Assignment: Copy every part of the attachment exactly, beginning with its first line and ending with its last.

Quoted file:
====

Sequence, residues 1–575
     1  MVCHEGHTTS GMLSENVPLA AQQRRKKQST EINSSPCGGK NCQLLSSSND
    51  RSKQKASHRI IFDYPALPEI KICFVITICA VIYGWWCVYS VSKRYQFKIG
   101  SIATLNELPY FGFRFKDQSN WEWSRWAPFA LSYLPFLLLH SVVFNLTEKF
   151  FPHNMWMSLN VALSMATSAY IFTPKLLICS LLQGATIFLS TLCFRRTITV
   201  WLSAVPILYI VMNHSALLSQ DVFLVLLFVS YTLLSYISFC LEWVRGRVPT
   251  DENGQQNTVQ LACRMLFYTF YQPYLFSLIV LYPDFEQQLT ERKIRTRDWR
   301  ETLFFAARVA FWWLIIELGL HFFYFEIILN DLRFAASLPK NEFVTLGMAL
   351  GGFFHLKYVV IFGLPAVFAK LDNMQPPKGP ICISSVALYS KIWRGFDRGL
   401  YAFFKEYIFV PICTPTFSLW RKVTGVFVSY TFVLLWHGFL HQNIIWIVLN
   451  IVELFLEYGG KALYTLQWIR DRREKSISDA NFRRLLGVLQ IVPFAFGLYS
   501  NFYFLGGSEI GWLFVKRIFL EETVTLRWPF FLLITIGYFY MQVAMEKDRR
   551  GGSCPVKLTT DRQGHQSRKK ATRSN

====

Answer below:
Sequence, residues 1–575
     1  MVCHEGHTTS GMLSENVPLA AQQRRKKQST EINSSPCGGK NCQLLSSSND
    51  RSKQKASHRI IFDYPALPEI KICFVITICA VIYGWWCVYS VSKRYQFKIG
   101  SIATLNELPY FGFRFKDQSN WEWSRWAPFA LSYLPFLLLH SVVFNLTEKF
   151  FPHNMWMSLN VALSMATSAY IFTPKLLICS LLQGATIFLS TLCFRRTITV
   201  WLSAVPILYI VMNHSALLSQ DVFLVLLFVS YTLLSYISFC LEWVRGRVPT
   251  DENGQQNTVQ LACRMLFYTF YQPYLFSLIV LYPDFEQQLT ERKIRTRDWR
   301  ETLFFAARVA FWWLIIELGL HFFYFEIILN DLRFAASLPK NEFVTLGMAL
   351  GGFFHLKYVV IFGLPAVFAK LDNMQPPKGP ICISSVALYS KIWRGFDRGL
   401  YAFFKEYIFV PICTPTFSLW RKVTGVFVSY TFVLLWHGFL HQNIIWIVLN
   451  IVELFLEYGG KALYTLQWIR DRREKSISDA NFRRLLGVLQ IVPFAFGLYS
   501  NFYFLGGSEI GWLFVKRIFL EETVTLRWPF FLLITIGYFY MQVAMEKDRR
   551  GGSCPVKLTT DRQGHQSRKK ATRSN